I.  Captain, Henry C. Stoughton, Otsego.  First Lieutenant, Willard G. Eaton, Otsego.  Second Lieutenant, Peter VanArsdale, Saugatuck.

         K.  Captain, DeWitt C. Fitch, Mattawan.  First Lieutenant, Joseph Barton, Battle Creek.  Second Lieutenant, Harrison Balfour, Mattawan.

         The regiment left the state Feb. 12, under command of Colonel Michael Shoemaker, who was commissioned in place of Colonel Stuart, resigned, and proceeded to Nashville, Tenn.  It was assigned to Wood's division of General Buell's army, and marched to Pittsburg Landing to reinforce General Grant, and arrived at the close of the two days' battle.

         After the occupation of Corinth, Miss., General Buell's army marched east along the Memphis and Charleston R. R., to repair it.  The Thirteenth arrived at Stevenson, Ala., the 18th of July, where it helped to build strong fortifications, as that place was then a depot of supplies and contained vast stores for the army.

         General Buell moved his headquarters to Dechard, north of Stevenson, on the line of the Nashville and Chattanooga R. R. and left the Thirteenth with a small garrison to hold Stevenson.  Here Colonel Shoemaker received a series of orders, one day to evacuate the post and fall back to Dechard, and the next to remain and defend the place to the last extremity.  Bridgeport, Ala., south of Stevenson, was abandoned on the 25th and the small force there joined the garrison at Stevenson.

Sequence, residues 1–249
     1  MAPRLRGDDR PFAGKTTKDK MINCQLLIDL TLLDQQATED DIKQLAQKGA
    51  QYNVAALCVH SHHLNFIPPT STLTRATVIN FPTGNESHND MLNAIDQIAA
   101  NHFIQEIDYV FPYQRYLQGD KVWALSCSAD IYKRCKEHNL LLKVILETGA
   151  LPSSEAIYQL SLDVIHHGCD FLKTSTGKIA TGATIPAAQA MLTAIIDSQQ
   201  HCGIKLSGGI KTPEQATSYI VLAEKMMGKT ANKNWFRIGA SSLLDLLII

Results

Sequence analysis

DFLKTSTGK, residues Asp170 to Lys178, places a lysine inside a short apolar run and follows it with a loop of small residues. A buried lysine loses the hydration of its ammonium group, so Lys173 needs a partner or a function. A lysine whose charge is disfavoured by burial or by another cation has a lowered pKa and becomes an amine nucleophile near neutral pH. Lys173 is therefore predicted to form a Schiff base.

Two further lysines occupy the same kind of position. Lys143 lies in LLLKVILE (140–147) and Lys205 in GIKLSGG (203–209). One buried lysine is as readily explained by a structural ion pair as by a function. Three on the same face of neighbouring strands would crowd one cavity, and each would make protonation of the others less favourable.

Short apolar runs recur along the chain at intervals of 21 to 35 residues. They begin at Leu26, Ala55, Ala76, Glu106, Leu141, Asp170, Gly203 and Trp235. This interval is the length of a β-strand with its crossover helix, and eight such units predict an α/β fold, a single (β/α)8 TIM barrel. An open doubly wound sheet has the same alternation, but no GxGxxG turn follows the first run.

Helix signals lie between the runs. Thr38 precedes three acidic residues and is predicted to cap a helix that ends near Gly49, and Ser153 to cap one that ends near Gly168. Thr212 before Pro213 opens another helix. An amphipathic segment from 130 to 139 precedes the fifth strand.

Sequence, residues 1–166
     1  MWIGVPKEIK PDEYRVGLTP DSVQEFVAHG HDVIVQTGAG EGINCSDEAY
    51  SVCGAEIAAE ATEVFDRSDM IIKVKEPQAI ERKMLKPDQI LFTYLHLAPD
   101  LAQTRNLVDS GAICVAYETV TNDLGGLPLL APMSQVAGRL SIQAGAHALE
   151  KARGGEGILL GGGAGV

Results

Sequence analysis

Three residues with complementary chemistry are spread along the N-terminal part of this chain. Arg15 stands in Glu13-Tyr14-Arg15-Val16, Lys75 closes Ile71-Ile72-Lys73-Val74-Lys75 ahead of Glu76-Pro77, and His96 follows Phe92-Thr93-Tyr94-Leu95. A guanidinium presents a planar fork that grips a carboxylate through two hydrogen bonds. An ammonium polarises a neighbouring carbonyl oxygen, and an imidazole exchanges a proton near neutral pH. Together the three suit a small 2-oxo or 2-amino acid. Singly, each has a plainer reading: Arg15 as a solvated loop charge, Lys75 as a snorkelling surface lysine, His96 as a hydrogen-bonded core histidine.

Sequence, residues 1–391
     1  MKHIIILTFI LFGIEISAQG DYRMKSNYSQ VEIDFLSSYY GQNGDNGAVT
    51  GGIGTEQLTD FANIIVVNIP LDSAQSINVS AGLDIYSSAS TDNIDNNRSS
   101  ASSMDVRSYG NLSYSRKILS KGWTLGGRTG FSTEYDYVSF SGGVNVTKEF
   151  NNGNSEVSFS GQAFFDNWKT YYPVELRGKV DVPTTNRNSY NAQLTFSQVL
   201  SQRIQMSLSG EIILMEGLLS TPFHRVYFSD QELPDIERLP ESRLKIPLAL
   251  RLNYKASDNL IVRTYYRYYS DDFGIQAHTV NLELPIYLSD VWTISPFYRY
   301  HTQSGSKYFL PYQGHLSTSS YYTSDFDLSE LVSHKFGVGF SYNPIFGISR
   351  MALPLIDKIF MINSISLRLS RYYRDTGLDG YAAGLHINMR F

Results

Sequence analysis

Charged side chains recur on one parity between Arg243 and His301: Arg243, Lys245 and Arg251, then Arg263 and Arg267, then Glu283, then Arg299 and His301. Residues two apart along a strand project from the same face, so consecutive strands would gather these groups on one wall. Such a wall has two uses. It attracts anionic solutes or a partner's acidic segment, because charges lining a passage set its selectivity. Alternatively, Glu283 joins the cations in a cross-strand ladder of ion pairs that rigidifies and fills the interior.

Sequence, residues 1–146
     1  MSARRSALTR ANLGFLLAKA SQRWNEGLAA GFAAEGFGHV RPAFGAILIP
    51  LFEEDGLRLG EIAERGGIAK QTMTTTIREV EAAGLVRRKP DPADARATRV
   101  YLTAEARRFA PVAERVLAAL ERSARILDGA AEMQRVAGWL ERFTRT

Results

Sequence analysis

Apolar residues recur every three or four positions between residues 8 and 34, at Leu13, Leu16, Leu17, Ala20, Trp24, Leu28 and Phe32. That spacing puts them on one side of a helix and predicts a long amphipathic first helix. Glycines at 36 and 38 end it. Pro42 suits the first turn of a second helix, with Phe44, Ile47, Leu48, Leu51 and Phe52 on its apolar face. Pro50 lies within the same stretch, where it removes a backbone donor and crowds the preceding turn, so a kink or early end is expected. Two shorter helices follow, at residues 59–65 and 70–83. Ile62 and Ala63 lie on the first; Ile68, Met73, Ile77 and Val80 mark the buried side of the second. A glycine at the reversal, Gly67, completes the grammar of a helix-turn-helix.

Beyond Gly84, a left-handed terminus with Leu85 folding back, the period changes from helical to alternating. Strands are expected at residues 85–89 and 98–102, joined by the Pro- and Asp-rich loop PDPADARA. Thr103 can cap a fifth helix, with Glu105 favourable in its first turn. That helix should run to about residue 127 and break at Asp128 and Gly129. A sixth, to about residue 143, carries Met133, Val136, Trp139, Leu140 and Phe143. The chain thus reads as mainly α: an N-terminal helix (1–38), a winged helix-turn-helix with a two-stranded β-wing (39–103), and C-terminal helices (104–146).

Huntsville, Ala., was also abandoned, and upon the arrival of the trains containing the stores from that place and the Tenth Wisconsin Infantry the whole command was ordered to withdraw and proceed to join the army at Dechard.

         The enemy attacked before the Union forces left Stevenson, but were repulsed, and then a long march continued night and day over horrible roads across the mountains until Cowan was reached, where Colonel Shoemaker learned the army had left Dechard.  He pressed forward and reached Tullahoma September 2nd, where he joined General Smith's division of Buell's army.  Colonel Shoemaker was highly complimented by the commanding General for bringing in all his forces, artillery, and baggage without loss of either men or equipment.  The Thirteenth, with the balance of the army, then fell back to Nashville and joined in the pursuit of General Bragg's army to Louisville, Ky.  In December the regiment belonged to the Third Brigade, First Division, General Thomas' corps, and joined the army commanded by General Rosecrans on his advance upon Murfreesboro, Tenn.